With the release of Radiohead’s newest album “A Moon Shaped Pool”, we’re going to take a look at the interesting crossover between hip hop artists and the melancholy mega group from England. The moody, insanely deep cuts that Radiohead puts out makes for the perfect backdrop to some of the more cerebral lyricists to flex their creative muscles over the tracks. Fan mashups have been created with different hip hop artists and Radiohead over time, perhaps most famously with Jaydiohead, from New York producer Max Tannone, formerly DJ Minty Fresh Beats. The project was considered to be an internet sensation in 2008 and was praised by both Jay Z and Thomas Yorke, the lead singer of Radiohead.
The use of Radiohead doesn’t stop with just independent producer made projects though, many artists have successfully sampled pieces of the band’s extensive catalog over the years:
The Roots – ‘Atonement’ (‘You and Whose Army’)
Although, getting around Radiohead’s lawyers has proven to be a difficult task, Jay Z’s relationship with the band has proven fruitful for other hip hop acts in seeking clearances for using Radiohead’s music as samples. According to Questlove in an interview with Spin, The Roots had sampled Radiohead’s “You and Whose Army?” for “Atonement,” but when it came to clearing it, the group ran into a brick wall: Radiohead’s lawyers wouldn’t clear the sample. Questlove had to ask Jay-Z, Def Jam president at the time, to intervene.
Questlove: I was like, “Can you get me on the phone with those guys in five minutes?” He was like, “Yeah.” I said, “Do you know those guys?” He said, “No.” I was confused. So I asked, “Well, how are you going to get through to those guys?” He said, “Watch.” Sure enough, in five minutes I was jogging on the treadmill talking to the Radiohead guys. Lawyers can’t make it work, but Jay-Z can.
Thankfully for us it all got sorted out and we were treated to the great Black Thought over a beautiful Radiohead sample, “Uh-huh, feelin the steam from the cauldron/ With tension runnin deep as the ocean/ Many are called, but so few are chosen/ As I go through the motions, of medication uppin my dosage/ Bangin Earth, Wind & Fire “Devotion” as I admire the focus”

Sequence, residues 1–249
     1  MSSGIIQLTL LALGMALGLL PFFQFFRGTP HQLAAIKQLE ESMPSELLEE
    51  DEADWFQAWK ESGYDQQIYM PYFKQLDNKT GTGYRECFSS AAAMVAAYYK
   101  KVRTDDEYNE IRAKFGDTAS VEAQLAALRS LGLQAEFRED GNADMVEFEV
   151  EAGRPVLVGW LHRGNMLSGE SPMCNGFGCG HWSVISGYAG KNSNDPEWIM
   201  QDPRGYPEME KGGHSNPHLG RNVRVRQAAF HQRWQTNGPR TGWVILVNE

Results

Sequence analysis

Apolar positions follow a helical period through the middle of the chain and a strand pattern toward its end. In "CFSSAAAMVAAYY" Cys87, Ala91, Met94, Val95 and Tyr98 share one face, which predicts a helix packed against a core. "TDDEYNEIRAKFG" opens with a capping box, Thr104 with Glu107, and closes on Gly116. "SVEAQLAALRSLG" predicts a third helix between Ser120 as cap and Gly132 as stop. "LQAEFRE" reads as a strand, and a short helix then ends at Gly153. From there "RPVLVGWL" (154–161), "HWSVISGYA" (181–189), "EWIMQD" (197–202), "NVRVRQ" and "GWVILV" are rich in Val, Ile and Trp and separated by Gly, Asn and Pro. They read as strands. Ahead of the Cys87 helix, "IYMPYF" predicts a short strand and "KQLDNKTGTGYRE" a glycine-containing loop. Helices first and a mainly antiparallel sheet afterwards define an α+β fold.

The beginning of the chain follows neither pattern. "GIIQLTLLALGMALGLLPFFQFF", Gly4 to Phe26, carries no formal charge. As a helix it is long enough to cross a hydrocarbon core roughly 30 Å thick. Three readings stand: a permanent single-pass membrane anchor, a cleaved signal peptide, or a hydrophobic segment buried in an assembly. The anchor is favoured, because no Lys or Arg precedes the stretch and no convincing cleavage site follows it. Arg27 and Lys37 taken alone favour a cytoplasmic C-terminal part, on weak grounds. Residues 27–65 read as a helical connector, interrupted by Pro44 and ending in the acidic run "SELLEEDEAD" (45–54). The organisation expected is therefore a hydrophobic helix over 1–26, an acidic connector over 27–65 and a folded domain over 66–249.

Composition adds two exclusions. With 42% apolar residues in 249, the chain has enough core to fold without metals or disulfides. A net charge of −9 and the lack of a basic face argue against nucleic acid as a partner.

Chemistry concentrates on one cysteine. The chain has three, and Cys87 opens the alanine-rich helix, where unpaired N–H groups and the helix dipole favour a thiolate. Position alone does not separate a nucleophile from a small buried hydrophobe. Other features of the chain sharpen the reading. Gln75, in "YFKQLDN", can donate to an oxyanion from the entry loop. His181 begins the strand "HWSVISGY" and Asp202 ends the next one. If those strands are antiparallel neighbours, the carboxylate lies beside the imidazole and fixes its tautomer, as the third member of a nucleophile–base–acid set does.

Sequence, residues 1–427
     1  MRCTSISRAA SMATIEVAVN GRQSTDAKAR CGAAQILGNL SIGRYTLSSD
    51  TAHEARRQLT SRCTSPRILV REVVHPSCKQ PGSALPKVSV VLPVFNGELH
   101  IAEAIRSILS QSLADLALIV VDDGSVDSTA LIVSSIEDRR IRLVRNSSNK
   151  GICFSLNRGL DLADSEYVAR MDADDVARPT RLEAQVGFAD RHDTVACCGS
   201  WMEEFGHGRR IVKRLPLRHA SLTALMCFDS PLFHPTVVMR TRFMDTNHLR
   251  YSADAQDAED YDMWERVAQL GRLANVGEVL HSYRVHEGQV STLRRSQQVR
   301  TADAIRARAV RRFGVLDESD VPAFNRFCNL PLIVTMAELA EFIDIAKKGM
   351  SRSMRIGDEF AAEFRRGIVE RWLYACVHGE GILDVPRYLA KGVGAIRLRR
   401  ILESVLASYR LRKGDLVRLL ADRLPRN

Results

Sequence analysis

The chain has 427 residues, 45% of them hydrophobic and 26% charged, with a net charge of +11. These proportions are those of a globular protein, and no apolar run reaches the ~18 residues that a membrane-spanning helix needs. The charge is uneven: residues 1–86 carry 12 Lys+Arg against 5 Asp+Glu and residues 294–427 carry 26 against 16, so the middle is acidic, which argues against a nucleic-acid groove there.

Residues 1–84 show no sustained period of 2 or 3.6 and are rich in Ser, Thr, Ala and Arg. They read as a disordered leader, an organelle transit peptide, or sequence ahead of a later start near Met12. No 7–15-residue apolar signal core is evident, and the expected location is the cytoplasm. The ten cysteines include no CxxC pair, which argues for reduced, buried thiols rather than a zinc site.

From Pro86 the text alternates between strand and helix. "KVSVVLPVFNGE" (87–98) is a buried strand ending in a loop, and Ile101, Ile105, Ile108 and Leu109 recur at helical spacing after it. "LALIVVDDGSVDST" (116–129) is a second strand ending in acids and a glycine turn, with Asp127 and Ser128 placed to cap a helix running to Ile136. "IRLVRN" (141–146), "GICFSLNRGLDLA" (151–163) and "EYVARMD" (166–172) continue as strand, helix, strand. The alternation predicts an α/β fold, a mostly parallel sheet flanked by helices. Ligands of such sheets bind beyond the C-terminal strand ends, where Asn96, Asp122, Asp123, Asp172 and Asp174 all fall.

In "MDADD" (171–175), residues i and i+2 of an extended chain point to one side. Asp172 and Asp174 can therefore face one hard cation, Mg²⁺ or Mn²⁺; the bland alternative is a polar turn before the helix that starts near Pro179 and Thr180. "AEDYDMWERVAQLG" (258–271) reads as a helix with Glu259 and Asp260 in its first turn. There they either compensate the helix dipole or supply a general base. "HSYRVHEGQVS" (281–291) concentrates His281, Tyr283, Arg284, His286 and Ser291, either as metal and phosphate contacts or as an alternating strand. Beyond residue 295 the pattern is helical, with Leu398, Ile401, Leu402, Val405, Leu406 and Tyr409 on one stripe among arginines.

Joe Budden – “Never Again” (“Street Spirit (Fade Out)”)
The often controversial rapper has had his share of run ins with the law but his lyrical talent and overall desire to push the limits is never questioned. The dark and deep subject matters that Budden is willing to get into makes his using of a Radiohead sample the perfect fit, especially with haunting bars about his struggle with addiction like this, “Forgive me father, I swore I’d never lie again / But couldnt fight temptation, I had to try again/ Swore I was done with vicodin ’til I changed my mind’s mind /And convinced him it was harmless, just vitamins.”
Lloyd Banks – ‘Cold Corner 2 (Eyes Wide)’ (‘Climbing Up The Walls’)
Vinny Cha$e – “Take The Money” (“Idioteque”)
“Got the mind of a stock broker with the appearance of a pot smoker,” boasts Harlem rapper Cha$e on this 2012 cut, from his ‘Survival of the Swag’ mixtape. Adding deep trap rumbles to the ‘Kid A’ favourite’s icy synth swells and agitated beats, it’s pretty ace, turning Thom’s “take the money and run” refrain into a tale of aspiration and riches.
Lupe Fiasco’s “The National Anthem” (“The National Anthem”)
This Chicago rapper has delved into a series of topics over the years, ranging from the dangers and allures of fame to examinations about Chicago’s failing school systems to America’s political structure as a whole. Agree with him or not he certainly has a way with words and the bleakness of Radiohead’s “The National Anthem” serves as a perfect backdrop for his track of the same name. “Ass is a daughter without a dad/ Back is like/ Afghanistan, Iraq/ Health care hair, drive-by thighs/ Education lips, HIV eyes/ Environment feet.”